T.D.S. was charged with murder, felonious assault, tampering with evidence, and illegally possessing a gun. The charges carried a serious-youthful-offender specification.

Teen Sought to Suppress Statements to Police
The juvenile court found T.D.S. was amenable to treatment in the juvenile system and declined to transfer the case to adult court. Questions regarding T.D.S.’s IQ were raised, and the juvenile judge found T.D.S. was competent to stand trial.

T.D.S.’s attorney sought to suppress all the statements the boy made to the detectives. The juvenile court agreed to suppress all the statements made before the Miranda warning was given but not those afterward. The juvenile court adjudicated T.D.S. delinquent for felony murder and other charges. The court imposed an adult prison sentence of 15 years to life, consecutive to a 3-year sentence for a firearm specification. The prison sentence was stayed on the condition that T.D.S. successfully complete his juvenile sentence, and he was committed to a Department of Youth Services facility until age 21.

T.D.S. appealed his adjudication to the Eighth District Court of Appeals, which affirmed the trial court’s decision. T.D.S. appealed the Eighth District’s decision to the Supreme Court, which agreed to hear the case.

Supreme Court Analyzed Police Interview
T.D.S. argued that under the “totality of the circumstances,” he had not waived his Miranda rights, and citing the Supreme Court’s 2006 State v. Farris decision, he argued that his statements made after he received the Miranda warnings should have been suppressed.

Justice Deters explained that in the Farris case, the Court considered the admissibility of statements a suspect made before being informed of his Miranda rights and then repeated to police after being read his Miranda rights. The Court found that because T.D.S. did not argue the reasoning in Farris applied to his case in the lower courts, the record was inadequate to consider the argument at the Supreme Court.

The opinion explained that the juvenile judge suppressed the confession T.D.S. made before being read his rights and that statements made after T.D.S. left the house with detectives were not discussed during the hearing before the juvenile court.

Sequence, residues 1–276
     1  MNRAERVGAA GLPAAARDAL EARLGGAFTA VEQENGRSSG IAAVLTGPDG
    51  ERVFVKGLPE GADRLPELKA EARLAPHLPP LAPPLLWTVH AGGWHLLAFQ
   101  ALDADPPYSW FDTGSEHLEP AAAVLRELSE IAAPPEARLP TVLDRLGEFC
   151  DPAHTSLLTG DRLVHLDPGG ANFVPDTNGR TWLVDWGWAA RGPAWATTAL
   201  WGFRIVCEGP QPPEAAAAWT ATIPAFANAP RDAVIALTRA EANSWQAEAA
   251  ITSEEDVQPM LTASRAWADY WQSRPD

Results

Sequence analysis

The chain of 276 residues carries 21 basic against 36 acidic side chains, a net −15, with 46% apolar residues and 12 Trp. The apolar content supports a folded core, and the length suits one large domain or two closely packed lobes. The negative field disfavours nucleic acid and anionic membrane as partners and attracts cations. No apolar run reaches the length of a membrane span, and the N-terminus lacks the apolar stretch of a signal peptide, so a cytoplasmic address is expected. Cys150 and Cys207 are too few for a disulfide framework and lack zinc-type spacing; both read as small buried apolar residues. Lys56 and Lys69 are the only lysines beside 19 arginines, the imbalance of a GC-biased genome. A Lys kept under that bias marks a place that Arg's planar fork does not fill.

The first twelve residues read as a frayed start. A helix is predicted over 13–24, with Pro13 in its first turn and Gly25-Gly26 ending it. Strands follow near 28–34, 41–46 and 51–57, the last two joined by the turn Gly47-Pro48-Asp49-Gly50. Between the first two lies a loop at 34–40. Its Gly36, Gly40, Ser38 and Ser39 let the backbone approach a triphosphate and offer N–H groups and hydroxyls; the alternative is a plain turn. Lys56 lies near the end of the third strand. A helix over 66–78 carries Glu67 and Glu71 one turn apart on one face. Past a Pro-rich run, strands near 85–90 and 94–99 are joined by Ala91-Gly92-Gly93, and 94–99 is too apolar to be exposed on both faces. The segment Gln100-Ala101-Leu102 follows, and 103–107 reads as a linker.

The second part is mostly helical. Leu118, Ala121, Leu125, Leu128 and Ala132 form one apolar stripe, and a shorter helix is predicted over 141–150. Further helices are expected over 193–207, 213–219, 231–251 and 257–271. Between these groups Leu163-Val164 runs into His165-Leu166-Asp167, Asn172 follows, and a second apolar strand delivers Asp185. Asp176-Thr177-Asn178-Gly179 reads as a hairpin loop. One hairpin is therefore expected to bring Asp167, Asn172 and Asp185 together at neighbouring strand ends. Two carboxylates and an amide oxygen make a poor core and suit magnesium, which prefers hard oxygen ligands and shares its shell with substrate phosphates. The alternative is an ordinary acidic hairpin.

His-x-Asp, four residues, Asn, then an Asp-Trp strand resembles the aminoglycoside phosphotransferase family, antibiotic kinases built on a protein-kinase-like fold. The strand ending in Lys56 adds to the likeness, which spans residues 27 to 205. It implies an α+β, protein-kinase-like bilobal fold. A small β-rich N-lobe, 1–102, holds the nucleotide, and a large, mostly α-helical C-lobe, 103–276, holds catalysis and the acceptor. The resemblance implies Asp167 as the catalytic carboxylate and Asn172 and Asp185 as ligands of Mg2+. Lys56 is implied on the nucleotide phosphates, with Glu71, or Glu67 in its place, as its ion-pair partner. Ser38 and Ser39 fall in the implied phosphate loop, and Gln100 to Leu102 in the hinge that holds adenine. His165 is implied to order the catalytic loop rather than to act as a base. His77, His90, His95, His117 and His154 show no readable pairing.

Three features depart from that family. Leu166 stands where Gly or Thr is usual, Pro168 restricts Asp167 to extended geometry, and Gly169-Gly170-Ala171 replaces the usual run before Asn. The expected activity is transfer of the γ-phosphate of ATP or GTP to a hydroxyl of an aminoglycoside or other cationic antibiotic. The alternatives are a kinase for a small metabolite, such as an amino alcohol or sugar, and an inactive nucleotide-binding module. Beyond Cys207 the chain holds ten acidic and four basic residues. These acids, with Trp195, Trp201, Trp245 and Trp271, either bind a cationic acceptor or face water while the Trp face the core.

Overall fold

The Court reviewed T.D.S.’s claim that he did not “knowingly, intelligently, or voluntarily” waive his rights. The opinion noted that while T.D.S. emphasized that he had a low IQ, one of the psychologists who evaluated T.D.S.’s competency found his communication skills were better than his IQ reflected and that “deficient intelligence” is only one factor in the totality of the circumstances.

The Court explained that T.D.S. had prior juvenile offenses and that he challenged some of the allegations from the police when they suggested he was at the crime scene.

“In short, T.D.S.’s prior experience in the juvenile system, his understanding of that system, and his communication with detectives indicate that his waiver of his Miranda rights was done knowingly and intelligently. Moreover, nothing about the tone or the length of the questioning resulted in his will being overborne,” Justice Deters wrote.

The Court also considered whether the police used “coercive tactics” to get T.D.S. to confess. The Court noted that T.D.S.’s claims that police had lied to him and had isolated him from his mother and sister were not supported by the record and that there was no indication of coercive acts such as threatening physical abuse or deprivation of food, sleep, or medical treatment.

Confession Coerced, Dissent Stated
Pointing to both U.S. and Ohio Supreme Court decisions, Justice Brunner wrote that the courts have explicitly denounced the question-first-warn-later tactic that was used in this case. She noted that once a suspect has confessed to a crime while under the impression that they were in police custody and not free to leave, they are likely to repeat the confession. To then read the Miranda warnings to the suspect and repeat the questioning does little to protect a suspect whose confession was coerced before having been read their rights, she stated.

She wrote the detectives’ interrogation was “psychologically coercive” and took place for more than an hour before T.D.S. was read his rights.

“T.D.S. then was led to confess twice more without receiving renewed warnings and without an understanding that his prior confession could not be used against him. The circumstances should give any court pause,” she wrote.

2022-0359. State v. T.D.S., Slip Opinion No. 2024-Ohio-595.